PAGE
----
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The Effects of Housing Assistance on Labor Supply: Evidence from a Voucher Lottery

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  • Brian A. Jacob
  • Jens Ludwig

Abstract

This study estimates the effects of means-tested housing programs on labor supply using data from a randomized housing voucher wait-list lottery in Chicago. Economic theory is ambiguous about the expected sign of any labor supply response. We find that among working-age, able-bodied adults, housing voucher use reduces labor force participation by around 4 percentage points (6 percent) and quarterly earnings by $329 (10 percent), and increases Temporary Assistance for Needy Families program participation by around 2 percentage points (15 percent). We find no evidence that the housing-specific mechanisms hypothesized to promote work, such as neighborhood quality or residential stability, are important empirically. (JEL I38, J22, R23, R38)

Suggested Citation

  • Brian A. Jacob & Jens Ludwig, 2012. "The Effects of Housing Assistance on Labor Supply: Evidence from a Voucher Lottery," American Economic Review, American Economic Association, vol. 102(1), pages 272-304, February.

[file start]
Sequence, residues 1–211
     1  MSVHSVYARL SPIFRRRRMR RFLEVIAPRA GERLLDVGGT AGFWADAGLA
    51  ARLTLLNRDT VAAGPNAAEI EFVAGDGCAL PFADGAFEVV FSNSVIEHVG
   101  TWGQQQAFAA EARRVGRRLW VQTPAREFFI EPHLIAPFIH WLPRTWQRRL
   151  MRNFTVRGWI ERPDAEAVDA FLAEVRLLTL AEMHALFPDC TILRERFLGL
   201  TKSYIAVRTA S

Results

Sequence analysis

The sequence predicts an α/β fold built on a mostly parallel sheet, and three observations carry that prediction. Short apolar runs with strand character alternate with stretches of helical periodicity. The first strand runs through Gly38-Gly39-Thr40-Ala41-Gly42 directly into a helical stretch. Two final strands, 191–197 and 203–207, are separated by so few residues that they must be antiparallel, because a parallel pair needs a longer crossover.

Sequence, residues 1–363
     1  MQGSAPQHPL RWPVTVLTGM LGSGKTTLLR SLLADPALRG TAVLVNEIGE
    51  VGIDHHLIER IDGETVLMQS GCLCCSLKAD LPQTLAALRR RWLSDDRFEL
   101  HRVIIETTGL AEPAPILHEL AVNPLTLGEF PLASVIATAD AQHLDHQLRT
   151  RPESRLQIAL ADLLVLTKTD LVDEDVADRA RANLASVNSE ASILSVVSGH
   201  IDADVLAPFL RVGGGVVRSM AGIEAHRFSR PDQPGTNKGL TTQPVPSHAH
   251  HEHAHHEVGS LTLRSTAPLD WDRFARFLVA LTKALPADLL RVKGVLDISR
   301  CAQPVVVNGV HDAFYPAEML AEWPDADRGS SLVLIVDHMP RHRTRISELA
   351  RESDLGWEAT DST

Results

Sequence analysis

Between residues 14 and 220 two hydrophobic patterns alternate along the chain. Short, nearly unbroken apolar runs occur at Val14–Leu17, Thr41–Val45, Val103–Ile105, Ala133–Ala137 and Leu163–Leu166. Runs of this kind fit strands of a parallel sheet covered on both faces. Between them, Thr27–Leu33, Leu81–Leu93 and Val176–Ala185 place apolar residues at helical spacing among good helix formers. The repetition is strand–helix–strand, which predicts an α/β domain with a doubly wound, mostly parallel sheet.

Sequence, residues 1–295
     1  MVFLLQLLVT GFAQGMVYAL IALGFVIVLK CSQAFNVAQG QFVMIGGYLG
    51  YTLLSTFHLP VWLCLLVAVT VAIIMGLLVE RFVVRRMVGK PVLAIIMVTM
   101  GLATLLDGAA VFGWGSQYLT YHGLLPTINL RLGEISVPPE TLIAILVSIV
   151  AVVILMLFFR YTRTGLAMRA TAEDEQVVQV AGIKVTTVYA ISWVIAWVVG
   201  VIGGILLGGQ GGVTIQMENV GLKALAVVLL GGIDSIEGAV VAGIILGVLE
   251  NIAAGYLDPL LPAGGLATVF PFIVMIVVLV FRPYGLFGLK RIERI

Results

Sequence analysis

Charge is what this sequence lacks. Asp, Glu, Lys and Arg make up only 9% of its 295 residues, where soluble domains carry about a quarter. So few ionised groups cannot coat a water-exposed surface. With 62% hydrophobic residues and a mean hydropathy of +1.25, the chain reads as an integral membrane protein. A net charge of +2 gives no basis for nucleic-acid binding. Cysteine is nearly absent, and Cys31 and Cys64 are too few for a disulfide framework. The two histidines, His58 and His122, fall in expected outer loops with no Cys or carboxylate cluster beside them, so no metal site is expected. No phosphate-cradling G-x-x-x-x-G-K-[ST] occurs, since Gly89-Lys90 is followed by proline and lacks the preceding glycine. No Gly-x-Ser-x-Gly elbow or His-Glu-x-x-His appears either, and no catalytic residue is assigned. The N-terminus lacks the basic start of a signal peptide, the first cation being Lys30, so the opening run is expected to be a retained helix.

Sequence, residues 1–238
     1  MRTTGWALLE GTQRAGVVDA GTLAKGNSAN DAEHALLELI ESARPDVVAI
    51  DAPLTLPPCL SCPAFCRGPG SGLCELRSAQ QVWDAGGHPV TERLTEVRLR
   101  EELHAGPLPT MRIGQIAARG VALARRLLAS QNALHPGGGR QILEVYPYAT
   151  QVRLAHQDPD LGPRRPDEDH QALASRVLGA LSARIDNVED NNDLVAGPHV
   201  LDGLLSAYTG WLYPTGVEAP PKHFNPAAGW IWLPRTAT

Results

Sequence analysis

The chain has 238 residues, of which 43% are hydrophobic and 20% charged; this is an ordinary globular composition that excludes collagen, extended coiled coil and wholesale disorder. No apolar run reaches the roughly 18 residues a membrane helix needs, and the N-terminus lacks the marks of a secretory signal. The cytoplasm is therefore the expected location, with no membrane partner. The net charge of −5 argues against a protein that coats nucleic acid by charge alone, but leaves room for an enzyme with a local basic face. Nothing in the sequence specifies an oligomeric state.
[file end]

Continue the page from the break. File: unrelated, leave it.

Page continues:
• Handle: RePEc:aea:aecrev:v:102:y:2012:i:1:p:272-304
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    More about this item

    JEL classification:

    • I38 - Health, Education, and Welfare - - Welfare, Well-Being, and Poverty - - - Government Programs; Provision and Effects of Welfare Programs
    • J22 - Labor and Demographic Economics - - Demand and Supply of Labor - - - Time Allocation and Labor Supply
    • R23 - Urban, Rural, Regional, Real Estate, and Transportation Economics - - Household Analysis - - - Regional Migration; Regional Labor Markets; Population
    • R38 - Urban, Rural, Regional, Real Estate, and Transportation Economics - - Real Estate Markets, Spatial Production Analysis, and Firm Location - - - Government Policy

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